skip to main content

Coral Comeback: The Acid Test

4 minutes

(Describer) An ocean wave rolls in.

(female narrator) Scientists refer to ocean acidification as "the other carbon problem." The first, of course, is global warming. People have heard about global warming for decades.

(Describer) Lisa Suatoni:

But for the past five years experts have really understood that the carbon dioxide is affecting the oceans as well.

(Describer) Ken Caldeira:

(man) When we burn coal, oil, and gas, we introduce carbon dioxide into the atmosphere. But the atmosphere touches the ocean over 70% of Earth's surface.

[thunder rumbles]

This carbon dioxide we're putting into the atmosphere, we are also putting into the ocean.

(narrator) What happens when so much carbon dioxide-- 22 million tons of it each day-- mixes with ocean water? In terms of chemistry, the answer is simple. It becomes an acid.

(Describer) Suatoni:

(Suatoni) Since the Industrial Revolution, the ocean acidity has increased by 30%. If we continue to pollute as we are now, ocean acidity will double by century's end compared to pre-industrial times. That is a big problem.

(narrator) Thousands of ocean species build protective shells to survive. These organisms create their shells by drawing certain molecules from the water around them. But rising acidity depletes those molecules. And when acidity gets too high, shells dissolve. Shell in polar water conditions predicted for 2100.

(Describer) A snail shell dissolves in polar water conditions predicted for 2100. Ove Hoegh-Guldberg:

(man) Coral reefs are sensitive to ocean acidification because corals can't form skeletons as quickly as before, and reefs are starting to disappear. 2003 reef collapse We may lose those ecosystems within 20 or 30 years. In those structures live an estimated million species.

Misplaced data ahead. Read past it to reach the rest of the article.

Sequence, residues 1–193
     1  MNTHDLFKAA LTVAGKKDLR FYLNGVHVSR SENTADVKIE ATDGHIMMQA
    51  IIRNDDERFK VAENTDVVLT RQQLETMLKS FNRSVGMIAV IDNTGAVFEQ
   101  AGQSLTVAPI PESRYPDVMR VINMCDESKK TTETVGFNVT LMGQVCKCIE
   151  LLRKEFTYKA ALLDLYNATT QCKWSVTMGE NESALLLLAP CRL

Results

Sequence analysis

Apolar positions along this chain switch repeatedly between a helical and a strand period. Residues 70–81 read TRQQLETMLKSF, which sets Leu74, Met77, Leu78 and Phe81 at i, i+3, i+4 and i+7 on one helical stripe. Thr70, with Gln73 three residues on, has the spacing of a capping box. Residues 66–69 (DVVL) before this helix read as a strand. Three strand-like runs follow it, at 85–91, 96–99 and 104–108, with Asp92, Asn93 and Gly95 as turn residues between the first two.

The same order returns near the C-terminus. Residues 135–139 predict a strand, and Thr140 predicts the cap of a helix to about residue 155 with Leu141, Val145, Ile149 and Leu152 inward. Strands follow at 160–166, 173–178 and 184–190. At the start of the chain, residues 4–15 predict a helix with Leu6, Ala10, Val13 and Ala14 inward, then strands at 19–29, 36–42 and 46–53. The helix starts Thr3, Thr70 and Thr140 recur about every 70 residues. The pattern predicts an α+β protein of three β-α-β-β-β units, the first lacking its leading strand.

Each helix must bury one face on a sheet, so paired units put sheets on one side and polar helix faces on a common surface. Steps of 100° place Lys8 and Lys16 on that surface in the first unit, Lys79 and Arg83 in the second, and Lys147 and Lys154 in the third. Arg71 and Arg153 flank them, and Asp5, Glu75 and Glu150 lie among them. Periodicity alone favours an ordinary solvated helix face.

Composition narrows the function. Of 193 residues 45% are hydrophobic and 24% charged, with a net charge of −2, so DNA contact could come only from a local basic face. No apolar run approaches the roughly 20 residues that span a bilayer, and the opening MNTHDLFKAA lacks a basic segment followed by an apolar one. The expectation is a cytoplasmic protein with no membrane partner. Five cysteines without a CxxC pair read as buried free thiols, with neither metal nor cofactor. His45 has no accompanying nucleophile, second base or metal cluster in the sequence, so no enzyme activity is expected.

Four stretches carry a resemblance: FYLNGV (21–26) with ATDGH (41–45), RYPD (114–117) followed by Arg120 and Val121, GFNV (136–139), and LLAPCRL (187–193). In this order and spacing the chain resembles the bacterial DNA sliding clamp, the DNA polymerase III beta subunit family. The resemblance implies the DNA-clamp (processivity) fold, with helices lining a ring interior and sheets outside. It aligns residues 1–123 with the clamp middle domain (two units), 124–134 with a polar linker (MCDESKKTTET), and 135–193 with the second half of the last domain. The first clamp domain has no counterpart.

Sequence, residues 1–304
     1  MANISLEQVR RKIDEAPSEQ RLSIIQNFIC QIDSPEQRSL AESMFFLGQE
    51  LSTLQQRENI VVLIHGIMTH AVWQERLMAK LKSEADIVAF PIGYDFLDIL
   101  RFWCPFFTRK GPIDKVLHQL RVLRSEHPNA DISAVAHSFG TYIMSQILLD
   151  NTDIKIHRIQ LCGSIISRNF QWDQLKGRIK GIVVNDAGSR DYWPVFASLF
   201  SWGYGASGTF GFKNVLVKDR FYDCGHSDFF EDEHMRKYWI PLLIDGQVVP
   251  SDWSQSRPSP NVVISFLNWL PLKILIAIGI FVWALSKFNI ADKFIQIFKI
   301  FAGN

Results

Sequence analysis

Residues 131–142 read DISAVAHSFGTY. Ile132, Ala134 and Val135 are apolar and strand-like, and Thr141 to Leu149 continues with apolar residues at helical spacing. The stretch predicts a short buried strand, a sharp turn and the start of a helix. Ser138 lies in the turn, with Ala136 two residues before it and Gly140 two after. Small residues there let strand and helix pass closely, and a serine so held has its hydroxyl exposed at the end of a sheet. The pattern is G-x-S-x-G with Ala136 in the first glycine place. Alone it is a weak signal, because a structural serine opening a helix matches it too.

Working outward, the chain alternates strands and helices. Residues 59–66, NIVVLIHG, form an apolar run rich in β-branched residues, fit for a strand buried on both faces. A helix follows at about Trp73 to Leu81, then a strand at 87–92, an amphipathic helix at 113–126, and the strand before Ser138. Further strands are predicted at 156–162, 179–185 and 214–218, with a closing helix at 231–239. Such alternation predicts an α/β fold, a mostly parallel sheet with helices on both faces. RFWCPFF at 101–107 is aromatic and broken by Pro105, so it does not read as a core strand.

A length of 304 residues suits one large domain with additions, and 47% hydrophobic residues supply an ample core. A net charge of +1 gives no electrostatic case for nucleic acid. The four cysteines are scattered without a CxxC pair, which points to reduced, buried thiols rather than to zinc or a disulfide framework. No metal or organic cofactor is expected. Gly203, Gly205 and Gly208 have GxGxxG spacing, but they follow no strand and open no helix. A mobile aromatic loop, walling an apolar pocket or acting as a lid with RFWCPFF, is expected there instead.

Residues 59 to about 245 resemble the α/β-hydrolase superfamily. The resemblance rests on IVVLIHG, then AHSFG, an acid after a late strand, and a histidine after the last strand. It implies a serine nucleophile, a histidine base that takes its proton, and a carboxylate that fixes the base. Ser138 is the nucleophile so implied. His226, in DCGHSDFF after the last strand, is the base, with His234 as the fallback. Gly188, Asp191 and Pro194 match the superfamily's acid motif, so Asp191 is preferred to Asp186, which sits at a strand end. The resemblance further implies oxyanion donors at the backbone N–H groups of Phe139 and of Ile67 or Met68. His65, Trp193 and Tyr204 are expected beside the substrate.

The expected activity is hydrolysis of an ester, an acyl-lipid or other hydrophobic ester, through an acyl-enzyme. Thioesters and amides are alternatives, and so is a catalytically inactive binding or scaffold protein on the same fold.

(Describer) By a reef, different fish dart away.

(narrator) There's growing alarm that higher acidity will extinguish creatures that are a basic food source for fish.

(Describer) A large fish eats a crab. Another grabs another shellfish, and another takes a striped fish.

In many parts of the world, fish are a basic food source for people.

(Describer) A beach is filled with boats and nets.

The only way to stop acidification is to emit less carbon dioxide.

(Describer) Many seals swim underwater.

But the ocean can better defend itself against rising acidity and temperature if its systems are healthy.

(Suatoni) That means restoring depleted fish populations, establishing global marine protected areas, and reducing nutrient pollution in coastal zones.

(man) Today we're in a remarkable history of the ocean.

(Describer) Steve Palumbi:

We know how to solve the local problems of marine ecosystem health and the global problems. The question is, will we?

(Describer) Video content provided by: Natural Resources Defense Council. Accessibility provided by the US Department of Education.

Accessibility provided by the U.S. Department of Education.

Transcript Options


Now Playing As: Captioned (English) (change)

Report a Problem

Coral reefs are particularly sensitive to ocean acidification, which has decreased their ability to form skeletons. Ocean acidification is also causing reefs to crumble and disappear. Part of the "Coral Comeback" series.

Media Details

Runtime: 4 minutes

Coral Comeback
Episode 1
2 minutes
Grade Level: 7 - 12
Coral Comeback
Episode 2
4 minutes
Grade Level: 7 - 12
Coral Comeback
Episode 3
4 minutes
Grade Level: 7 - 12
Coral Comeback
Episode 4
5 minutes
Grade Level: 7 - 12
Coral Comeback
Episode 5
6 minutes
Grade Level: 7 - 12
Coral Comeback
Episode 6
6 minutes
Grade Level: 7 - 12
Coral Comeback
Episode 7
4 minutes
Grade Level: 7 - 12
Coral Comeback
Episode 8
3 minutes
Grade Level: 7 - 12
Coral Comeback
Episode 9
3 minutes
Grade Level: 7 - 12